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Thread: Stair Railing

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  1. #1
    Join Date
    Nov 2009
    Location
    Central Arkansas
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    46

    Default Stair Railing

    This is a stair railing that I completed this week. It is about 10 long. Everyone was very pleased with the results. Scrolls are from King Metals.
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    Rick

    Trying to succeed, Learning by failing
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  2. #2
    Join Date
    Sep 2005
    Location
    Salem ,Ohio
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    3,908

    Cool

    Nice work Rick...Bob
    Bob Wright, Grandson of Tee Nee Boat Trailer Founder
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  3. #3
    Join Date
    Dec 2007
    Location
    california
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    24

    Default nice

    looks great.

    Are the codes for spacing of pickets different on a railing that goes up the middle of the stairs? How did you mount it to the concrete?
    MnT

  4. #4
    Join Date
    Sep 2006
    Location
    Newcastle, Oklahoma
    Posts
    70

    Default

    Looks good.

  5. #5
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    Jan 2007
    Location
    Columbia SC
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    165

    Default

    nice job RicK
    Jim

  6. #6
    Join Date
    Nov 2009
    Location
    Central Arkansas
    Posts
    46

    Default

    Quote Originally Posted by MNT View Post
    looks great.

    Are the codes for spacing of pickets different on a railing that goes up the middle of the stairs? How did you mount it to the concrete?
    The county passed it and it meets ADA. We matched the existing precast concrete scrolls in the overhead of the entrance. That was a have to for National Historic registry. It had to be mounted with base plates so it could be removed. I would have preferred to core drill.
    Rick

    Trying to succeed, Learning by failing
    HH210 (Merry Christmas to Me)
    HH 140
    Hyper Therm Powermax 600
    Hobart Stickmate AC/DC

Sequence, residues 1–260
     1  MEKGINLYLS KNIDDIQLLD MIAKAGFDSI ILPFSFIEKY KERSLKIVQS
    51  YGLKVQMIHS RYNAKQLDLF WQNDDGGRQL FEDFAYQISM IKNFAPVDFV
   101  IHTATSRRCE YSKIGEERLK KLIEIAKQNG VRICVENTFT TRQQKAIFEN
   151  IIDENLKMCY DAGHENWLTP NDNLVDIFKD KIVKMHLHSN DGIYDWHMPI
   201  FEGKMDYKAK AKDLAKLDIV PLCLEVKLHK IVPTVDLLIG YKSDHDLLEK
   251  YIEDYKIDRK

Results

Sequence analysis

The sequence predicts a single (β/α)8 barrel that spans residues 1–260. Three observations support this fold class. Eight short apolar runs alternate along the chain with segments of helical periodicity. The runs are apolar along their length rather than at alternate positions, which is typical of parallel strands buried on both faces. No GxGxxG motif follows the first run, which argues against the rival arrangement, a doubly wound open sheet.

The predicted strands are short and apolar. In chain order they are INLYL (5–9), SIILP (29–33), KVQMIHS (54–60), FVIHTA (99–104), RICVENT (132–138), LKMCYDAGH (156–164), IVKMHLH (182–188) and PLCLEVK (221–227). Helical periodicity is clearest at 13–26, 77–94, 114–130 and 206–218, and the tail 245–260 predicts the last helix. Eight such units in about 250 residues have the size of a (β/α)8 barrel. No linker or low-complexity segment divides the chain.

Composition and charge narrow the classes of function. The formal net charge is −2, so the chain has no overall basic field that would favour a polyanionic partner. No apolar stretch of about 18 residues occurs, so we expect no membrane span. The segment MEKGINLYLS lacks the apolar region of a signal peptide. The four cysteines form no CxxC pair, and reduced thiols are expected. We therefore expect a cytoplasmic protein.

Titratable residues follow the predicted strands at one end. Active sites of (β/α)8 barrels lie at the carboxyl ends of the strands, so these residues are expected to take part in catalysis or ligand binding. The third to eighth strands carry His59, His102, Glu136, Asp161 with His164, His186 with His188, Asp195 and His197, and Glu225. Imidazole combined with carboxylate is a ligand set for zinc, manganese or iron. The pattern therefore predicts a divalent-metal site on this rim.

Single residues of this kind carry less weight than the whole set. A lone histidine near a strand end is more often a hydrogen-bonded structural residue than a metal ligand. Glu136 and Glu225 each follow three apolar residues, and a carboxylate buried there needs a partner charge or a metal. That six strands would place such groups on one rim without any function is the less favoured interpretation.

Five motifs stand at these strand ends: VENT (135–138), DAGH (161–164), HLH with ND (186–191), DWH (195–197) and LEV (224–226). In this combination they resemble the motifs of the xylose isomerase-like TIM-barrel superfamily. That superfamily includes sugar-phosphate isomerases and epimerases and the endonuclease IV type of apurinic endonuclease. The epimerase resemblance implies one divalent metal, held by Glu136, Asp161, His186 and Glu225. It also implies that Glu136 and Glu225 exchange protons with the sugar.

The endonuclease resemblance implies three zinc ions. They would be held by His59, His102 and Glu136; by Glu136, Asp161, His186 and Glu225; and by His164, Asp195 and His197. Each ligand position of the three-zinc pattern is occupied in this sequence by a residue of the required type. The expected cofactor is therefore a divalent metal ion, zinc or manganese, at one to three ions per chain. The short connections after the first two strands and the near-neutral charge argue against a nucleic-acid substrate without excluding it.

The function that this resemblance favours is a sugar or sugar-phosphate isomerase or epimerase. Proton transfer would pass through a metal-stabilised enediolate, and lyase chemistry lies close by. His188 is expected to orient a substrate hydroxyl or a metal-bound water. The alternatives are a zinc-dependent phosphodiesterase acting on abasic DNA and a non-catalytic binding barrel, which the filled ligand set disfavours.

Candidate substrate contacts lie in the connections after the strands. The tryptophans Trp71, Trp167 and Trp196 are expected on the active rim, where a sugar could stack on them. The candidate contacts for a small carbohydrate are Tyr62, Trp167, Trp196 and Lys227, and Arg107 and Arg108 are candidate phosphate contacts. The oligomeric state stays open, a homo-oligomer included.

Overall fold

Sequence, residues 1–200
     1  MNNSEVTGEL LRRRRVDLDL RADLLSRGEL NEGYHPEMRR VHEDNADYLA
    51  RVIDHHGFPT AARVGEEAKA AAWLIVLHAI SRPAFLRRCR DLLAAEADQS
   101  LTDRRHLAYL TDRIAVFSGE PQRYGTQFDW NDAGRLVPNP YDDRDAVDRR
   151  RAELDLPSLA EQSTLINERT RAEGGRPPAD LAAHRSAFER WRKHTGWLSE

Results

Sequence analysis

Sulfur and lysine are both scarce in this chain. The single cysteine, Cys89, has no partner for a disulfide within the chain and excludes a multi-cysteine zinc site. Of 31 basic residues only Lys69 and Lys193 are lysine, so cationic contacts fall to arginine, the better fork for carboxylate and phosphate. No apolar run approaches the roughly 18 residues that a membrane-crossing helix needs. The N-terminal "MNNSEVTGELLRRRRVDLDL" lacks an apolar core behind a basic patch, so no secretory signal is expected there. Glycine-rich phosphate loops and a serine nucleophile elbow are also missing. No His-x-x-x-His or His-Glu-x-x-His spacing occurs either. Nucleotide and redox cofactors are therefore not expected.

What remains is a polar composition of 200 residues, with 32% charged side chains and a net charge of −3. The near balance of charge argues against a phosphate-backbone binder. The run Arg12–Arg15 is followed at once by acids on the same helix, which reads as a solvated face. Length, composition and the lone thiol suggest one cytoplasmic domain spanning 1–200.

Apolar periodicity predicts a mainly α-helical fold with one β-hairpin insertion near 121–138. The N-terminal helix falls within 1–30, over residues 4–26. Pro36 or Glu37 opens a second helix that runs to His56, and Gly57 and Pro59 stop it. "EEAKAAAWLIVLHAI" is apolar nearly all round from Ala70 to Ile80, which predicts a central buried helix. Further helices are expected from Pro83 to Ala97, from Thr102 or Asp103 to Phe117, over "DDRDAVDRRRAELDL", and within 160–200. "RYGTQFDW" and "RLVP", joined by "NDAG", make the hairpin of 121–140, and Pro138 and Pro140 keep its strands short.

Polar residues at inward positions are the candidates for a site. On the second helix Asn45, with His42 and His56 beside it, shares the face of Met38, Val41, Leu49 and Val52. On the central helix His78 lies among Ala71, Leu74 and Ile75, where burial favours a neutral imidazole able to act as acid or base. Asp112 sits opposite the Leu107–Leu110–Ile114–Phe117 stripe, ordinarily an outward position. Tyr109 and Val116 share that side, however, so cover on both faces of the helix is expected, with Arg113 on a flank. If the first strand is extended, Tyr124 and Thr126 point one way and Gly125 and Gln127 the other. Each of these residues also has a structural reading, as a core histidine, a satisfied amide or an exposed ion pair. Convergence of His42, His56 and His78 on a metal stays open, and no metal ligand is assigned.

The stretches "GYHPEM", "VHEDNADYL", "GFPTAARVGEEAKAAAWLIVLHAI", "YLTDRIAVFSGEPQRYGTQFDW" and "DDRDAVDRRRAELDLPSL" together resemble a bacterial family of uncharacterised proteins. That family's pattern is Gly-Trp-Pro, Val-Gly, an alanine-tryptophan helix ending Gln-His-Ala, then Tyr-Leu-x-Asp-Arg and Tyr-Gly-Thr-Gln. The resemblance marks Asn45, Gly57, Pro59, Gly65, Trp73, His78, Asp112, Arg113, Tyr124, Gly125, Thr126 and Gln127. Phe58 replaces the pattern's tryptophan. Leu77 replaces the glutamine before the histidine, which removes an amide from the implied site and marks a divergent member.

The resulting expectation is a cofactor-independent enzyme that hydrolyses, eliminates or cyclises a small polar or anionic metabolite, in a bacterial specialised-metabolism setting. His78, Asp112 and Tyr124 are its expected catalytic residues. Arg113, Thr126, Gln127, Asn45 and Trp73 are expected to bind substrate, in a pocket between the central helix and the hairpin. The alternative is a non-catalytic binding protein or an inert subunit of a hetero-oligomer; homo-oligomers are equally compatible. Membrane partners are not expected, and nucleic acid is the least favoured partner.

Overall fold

Forge
    Victor & Harris Oxy/Act
    HydMech 225 cold saw
    several grinders
    Rigid Chop Saw
    4x6 band saw
    Never enough clamps

  7. #7
    Join Date
    Feb 2008
    Posts
    863

    Default

    It seems like I'm always the resident nit pick. Oh well, here goes. I see 3 issues.

    1: It does not appear that the top rail meets the graspability requirement of IRC/IBC which requires a minimum of 4" section perimeter and a maximum of 6.25" section perimeter (which means you're locked into using 1.25" or 1.5" tubing if you chose square). 1" square tubing has a section perimeter less than 4" due to rounding of the corners. It appears that the top rail is smaller than 1 1/4", but it's hard to tell for sure from the picture.

    2: It looks like the anchors are darn close to the edge of the concrete at the bottom of the stairs, which will lead to splitting. The minimum edge distance for anchors is given in "the concrete code" ACI 318 D.8.3

    D.8.3 — Unless determined in accordance with D.8.4, minimum edge distances for post-installed anchors shall be based on the greater of the minimum cover requirements for reinforcement in 7.7, or the minimum edge distance requirements for the products as determined by tests in accordance with ACI 355.2, and shall not be less than 2.0 times the maximum aggregate size. In the absence of product-specific ACI 355.2 test information, the minimum edge distance shall be taken as not less than:
    Undercut anchors .............................................. 6d
    Torque-controlled anchors ................................. 8d
    Displacement-controlled anchors .................... 10d